I posted this question previously to MathSE. However, I have still not solved it, so lets try to ask it here. When doing some calculations with spin-foam models for 3d quantum gravity for some research project, I quite generically stumble over integrals of the following form


where $n\in\mathbb{N}_{>0}$, $\mathrm{d}g$ denotes the normalized Haar measure and where $\delta(g)$ denotes the $\mathrm{SU}(2)$-delta function, i.e. the distribution defined via


Now I was told that it is possible to calculate these integrals explicitely and what one gets is formally something like the sum over the $n$-roots of unity, which is also what I would expect, since $\delta(g^{n})$ in the end just says that $g^{n}=1$. So, my approach to this question was the following: It is well-known, using the Theorem of Peter-Weyl, that the delta-function can formally be written as the sum


where $\chi^{j}$ are the characters of the spin-$j$-representation, i.e. the unique (up to unitary equivalence) irreducible unitary representation of dimension $(2j+1)$ of $\mathrm{SU}(2)$. Now, as a next step, I parametrize the $\mathrm{SU}(2)$-group elements as $$g=e^{i\varphi\vec{n}\cdot\vec{\sigma}}$$ where $\vec{n}$ is a unit vector and $\varphi\in [0,2\pi]$. In this parametrization, the Haar measure is given by $$\mathrm{d}g=\frac{1}{\pi}\mathrm{sin}(\varphi)^{2}\mathrm{d}\varphi\mathrm{d}^{3}\vec{n}.$$ Since $\chi^{j}$ are class functions, we can always rotate to the $z$-direction, which means that we have that $$\int_{\mathrm{SU}(2)}\,\mathrm{d}g\,\chi^{j}(g)=\frac{1}{\pi}\int_{0}^{2\pi}\,\mathrm{d}\varphi\,\mathrm{sin}(\varphi)^{2}\,\chi^{j}(e^{i\varphi\sigma_{z}})=\frac{2}{\pi}\int_{0}^{\pi}\,\mathrm{d}\varphi\,\mathrm{sin}(\varphi)^{2}\,\chi^{j}(e^{i\varphi\sigma_{z}}).$$ Hence, let us look at integrals of the type $$\int_{\mathrm{SU}(2)}\,\mathrm{d}g\,\chi^{j}(g^{n})=\frac{2}{\pi}\int_{0}^{\pi}\,\mathrm{d}\varphi\,\mathrm{sin}(\varphi)^{2}\,\chi^{j}(e^{in\varphi\sigma_{z}})=\frac{2}{\pi}\int_{0}^{\pi}\,\mathrm{d}\varphi\,\mathrm{sin}(\varphi)^{2}\,\frac{\mathrm{sin}((2j+1)n\varphi)}{\mathrm{sin}(n\varphi)}$$ where in the last step we used that the characters are explicitly given by $$\chi^{j}(g(\varphi))=\frac{\mathrm{sin}((2j+1)\varphi)}{\mathrm{sin}(\varphi)}.$$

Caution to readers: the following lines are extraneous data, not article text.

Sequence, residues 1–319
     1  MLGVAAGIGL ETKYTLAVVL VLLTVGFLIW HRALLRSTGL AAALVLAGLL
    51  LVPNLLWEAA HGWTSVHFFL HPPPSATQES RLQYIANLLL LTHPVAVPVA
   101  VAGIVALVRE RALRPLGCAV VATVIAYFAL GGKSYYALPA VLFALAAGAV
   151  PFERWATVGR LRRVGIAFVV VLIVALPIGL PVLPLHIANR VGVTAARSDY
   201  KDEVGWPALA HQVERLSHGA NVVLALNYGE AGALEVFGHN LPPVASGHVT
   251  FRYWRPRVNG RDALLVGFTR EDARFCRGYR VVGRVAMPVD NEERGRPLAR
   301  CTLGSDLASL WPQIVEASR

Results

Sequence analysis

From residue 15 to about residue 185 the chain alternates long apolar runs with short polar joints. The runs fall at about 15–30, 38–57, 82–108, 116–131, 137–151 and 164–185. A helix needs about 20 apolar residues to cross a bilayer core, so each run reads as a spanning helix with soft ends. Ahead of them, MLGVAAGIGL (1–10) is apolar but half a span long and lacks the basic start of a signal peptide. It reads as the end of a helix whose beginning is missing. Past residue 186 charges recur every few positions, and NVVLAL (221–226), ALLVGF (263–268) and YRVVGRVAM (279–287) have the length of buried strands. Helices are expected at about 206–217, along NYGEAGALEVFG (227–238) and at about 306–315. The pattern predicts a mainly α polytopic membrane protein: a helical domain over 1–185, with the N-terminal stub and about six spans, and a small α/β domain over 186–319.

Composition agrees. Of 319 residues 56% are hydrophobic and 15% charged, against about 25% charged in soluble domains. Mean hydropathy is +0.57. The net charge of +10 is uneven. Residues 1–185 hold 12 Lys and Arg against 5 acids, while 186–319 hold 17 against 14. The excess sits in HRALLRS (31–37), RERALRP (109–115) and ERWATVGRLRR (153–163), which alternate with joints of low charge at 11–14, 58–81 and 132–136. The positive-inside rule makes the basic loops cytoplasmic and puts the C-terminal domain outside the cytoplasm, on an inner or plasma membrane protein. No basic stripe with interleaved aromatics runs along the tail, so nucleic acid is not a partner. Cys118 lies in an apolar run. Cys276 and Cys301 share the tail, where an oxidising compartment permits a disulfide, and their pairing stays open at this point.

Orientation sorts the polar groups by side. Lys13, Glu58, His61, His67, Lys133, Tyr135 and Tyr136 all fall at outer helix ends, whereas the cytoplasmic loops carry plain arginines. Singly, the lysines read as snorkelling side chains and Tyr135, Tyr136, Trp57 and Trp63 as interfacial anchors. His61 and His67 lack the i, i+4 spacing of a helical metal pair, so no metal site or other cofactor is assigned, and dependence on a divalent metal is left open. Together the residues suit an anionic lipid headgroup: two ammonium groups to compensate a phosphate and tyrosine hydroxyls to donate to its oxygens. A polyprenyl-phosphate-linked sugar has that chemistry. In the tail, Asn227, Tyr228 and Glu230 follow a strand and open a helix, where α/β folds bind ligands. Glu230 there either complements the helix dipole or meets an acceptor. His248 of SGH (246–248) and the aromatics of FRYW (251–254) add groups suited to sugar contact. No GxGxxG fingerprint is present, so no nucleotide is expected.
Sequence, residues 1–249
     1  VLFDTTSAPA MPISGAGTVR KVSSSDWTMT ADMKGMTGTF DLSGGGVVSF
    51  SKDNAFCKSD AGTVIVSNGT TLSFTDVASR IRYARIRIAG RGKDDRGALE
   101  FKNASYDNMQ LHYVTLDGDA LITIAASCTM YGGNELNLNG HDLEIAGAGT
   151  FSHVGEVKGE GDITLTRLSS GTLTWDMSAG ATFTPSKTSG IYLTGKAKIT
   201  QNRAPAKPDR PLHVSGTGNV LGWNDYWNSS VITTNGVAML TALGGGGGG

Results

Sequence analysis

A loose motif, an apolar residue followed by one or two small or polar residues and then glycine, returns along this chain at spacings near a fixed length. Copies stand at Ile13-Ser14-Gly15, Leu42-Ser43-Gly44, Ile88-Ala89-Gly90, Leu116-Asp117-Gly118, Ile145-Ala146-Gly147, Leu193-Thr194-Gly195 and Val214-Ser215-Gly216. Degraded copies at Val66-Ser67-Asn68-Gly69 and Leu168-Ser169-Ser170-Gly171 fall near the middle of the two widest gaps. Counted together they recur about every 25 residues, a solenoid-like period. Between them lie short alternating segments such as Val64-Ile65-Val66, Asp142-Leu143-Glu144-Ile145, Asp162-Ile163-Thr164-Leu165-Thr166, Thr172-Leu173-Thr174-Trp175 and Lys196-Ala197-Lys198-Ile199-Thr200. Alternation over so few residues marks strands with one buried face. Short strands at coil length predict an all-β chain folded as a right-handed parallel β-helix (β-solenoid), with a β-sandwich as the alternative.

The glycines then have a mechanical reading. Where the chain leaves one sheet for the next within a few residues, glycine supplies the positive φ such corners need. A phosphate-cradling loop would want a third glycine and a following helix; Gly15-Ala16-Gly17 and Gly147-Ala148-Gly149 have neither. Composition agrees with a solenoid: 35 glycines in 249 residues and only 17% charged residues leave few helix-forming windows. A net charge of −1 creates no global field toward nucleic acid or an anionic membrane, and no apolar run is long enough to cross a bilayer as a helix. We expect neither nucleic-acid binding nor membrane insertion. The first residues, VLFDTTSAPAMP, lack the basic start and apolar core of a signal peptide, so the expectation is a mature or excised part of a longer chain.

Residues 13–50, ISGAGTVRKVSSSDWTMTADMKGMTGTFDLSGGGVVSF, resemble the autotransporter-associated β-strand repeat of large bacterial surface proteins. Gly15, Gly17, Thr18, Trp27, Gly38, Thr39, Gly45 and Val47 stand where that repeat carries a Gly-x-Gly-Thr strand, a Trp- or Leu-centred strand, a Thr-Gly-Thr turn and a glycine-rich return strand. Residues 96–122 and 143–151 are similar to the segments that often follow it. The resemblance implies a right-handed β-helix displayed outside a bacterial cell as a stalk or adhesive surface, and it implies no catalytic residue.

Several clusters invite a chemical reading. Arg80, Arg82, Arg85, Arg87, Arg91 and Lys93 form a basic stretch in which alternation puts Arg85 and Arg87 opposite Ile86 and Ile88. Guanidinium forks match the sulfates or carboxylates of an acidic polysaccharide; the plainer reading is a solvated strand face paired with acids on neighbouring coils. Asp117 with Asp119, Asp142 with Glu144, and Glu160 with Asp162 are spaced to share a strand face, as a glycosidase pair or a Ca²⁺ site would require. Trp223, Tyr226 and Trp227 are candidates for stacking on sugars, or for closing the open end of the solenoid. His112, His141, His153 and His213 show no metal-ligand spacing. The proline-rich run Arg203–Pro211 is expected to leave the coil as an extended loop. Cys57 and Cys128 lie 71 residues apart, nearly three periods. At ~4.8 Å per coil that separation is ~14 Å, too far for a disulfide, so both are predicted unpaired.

Now, using Mathematica, I got the following results:

Lets consider the following integral for all $j\in\mathbb{N}/2$ and for all $n\in\mathbb{N}$ $$\mathcal{I}_{j,n}=\int_{\mathrm{SU}(2)}\,\mathrm{d}g\,\chi^{j}(g^{n})=\frac{2}{\pi}\int_{0}^{\pi}\,\mathrm{d}\varphi\,\mathrm{sin}(\varphi)^{2}\,\frac{\mathrm{sin}((2j+1)n\varphi)}{\mathrm{sin}(n\varphi)}$$ For $n=1$, the integral is given by $$\mathcal{I}_{j,1}=\delta_{j0}=\begin{cases}1 &\text{if $j=0$}\\0 > &\text{if $j\neq 0$}\end{cases}$$ and for $n=2$ by $$\mathcal{I}_{j,2}=(-1)^{2j}=\begin{cases}1 &\text{if > $j\in\mathbb{N}$}\\-1 &\text{if > $j\in\mathbb{N}_{\mathrm{odd}}/2$}\end{cases}$$ and for $n=3$ by $$\mathcal{I}_{j,3}=\frac{1+(-1)^{2j}}{2}=\begin{cases}1 &\text{if > $j\in\mathbb{N}$}\\0 &\text{if > $j\in\mathbb{N}_{\mathrm{odd}}/2$}\end{cases}$$